Wild population estimates vary. Some reports show that the number of giant pandas in the wild is on the rise. In March 2015, conservation news site Mongabay stated that the wild giant panda population had increased by 268, or 16.8%, to 1,864. In 2016, the IUCN reclassified the species from "endangered" to "vulnerable". While the dragon has served as China's national symbol, internationally the giant panda has filled this role; as such, it is becoming used within China in international contexts, for example, appearing since 1982 on gold panda bullion coins and as one of the five Fuwa mascots of the Beijing Olympics. For many decades, the precise taxonomic classification of the giant panda was under debate because it shares characteristics with both bears and raccoons. However, molecular studies indicate the giant panda is part of the family Ursidae; these studies show. The giant panda has been referred to as a living fossil. Despite the shared name, habitat type, diet, as well as a unique enlarged bone called the pseudo thumb the giant panda and red panda are only distantly related.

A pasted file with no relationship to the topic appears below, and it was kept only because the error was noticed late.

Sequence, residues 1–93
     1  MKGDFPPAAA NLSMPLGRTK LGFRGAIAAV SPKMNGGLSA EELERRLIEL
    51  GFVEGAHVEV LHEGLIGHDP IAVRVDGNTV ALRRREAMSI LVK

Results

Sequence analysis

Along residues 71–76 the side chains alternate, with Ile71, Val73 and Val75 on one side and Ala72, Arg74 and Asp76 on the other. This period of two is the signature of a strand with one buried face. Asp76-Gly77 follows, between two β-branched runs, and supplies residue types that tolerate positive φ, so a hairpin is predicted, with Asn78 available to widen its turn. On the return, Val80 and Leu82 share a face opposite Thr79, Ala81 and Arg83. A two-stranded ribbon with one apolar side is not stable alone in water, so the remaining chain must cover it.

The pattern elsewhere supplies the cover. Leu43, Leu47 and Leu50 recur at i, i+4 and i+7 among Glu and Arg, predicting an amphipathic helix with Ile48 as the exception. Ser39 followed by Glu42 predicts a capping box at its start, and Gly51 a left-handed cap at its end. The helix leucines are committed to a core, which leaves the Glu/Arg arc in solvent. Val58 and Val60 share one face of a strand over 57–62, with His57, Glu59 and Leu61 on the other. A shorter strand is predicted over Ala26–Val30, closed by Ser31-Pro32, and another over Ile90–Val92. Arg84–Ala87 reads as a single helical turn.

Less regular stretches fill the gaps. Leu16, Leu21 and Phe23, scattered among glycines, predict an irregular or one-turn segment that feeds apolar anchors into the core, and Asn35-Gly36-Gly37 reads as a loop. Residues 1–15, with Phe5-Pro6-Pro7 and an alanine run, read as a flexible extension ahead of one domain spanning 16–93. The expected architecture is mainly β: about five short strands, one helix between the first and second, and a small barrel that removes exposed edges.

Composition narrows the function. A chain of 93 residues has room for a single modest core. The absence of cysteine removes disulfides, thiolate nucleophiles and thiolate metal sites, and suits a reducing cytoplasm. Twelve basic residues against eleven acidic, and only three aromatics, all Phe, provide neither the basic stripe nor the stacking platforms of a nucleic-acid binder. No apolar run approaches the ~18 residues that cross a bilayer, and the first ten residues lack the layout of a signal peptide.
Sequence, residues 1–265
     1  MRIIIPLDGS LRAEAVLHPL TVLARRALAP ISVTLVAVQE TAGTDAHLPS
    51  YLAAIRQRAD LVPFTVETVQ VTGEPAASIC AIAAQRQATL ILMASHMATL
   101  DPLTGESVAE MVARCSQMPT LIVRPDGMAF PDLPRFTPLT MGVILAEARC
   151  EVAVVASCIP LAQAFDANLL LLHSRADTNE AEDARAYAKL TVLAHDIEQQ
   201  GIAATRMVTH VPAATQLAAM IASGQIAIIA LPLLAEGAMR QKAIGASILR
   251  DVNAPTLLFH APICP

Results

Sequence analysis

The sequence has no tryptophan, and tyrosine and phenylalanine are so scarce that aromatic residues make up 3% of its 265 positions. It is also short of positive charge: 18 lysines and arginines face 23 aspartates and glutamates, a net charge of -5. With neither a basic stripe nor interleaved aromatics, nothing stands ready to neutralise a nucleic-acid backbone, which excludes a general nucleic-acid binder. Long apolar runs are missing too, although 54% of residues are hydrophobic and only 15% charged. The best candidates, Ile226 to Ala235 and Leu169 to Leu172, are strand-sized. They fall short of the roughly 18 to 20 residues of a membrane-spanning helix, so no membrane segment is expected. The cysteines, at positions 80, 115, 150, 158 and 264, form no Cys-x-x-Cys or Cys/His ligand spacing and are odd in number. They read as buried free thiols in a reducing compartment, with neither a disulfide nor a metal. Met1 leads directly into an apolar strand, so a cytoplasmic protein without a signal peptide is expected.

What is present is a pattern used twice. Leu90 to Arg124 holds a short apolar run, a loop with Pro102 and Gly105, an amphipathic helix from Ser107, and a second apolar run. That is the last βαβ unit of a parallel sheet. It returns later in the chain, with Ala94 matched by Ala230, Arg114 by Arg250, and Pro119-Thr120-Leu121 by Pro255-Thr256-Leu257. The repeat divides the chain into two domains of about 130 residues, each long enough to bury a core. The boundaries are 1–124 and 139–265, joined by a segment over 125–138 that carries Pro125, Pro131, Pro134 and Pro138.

The word panda was borrowed into English from French, but no conclusive explanation of the origin of the French word panda has been found. The closest candidate is the Nepali word ponya referring to the adapted wrist bone of the red panda, native to Nepal; the Western world applied this name to the red panda. In many older sources, the name "panda" or "common panda" refers to the lesser-known red panda, thus necessitating the inclusion of "giant" and "lesser/red" prefixes in front of the names. In 2013, the Encyclopædia Britannica still used "giant panda" or "panda bear" for the bear, "panda" for the red panda, despite the popular usage of the word "panda" to refer to giant pandas. Since the earliest collection of Chinese writings, the Chinese language has given the bear 20 different names, such as huāxióng and zhúxióng; the most popular names in China today is dàxióngmāo, or xióngmāo. The name xióngmāo was used to describe the red panda, but since the giant panda was thought to be related to the red panda, dàxióngmāo was named relatively.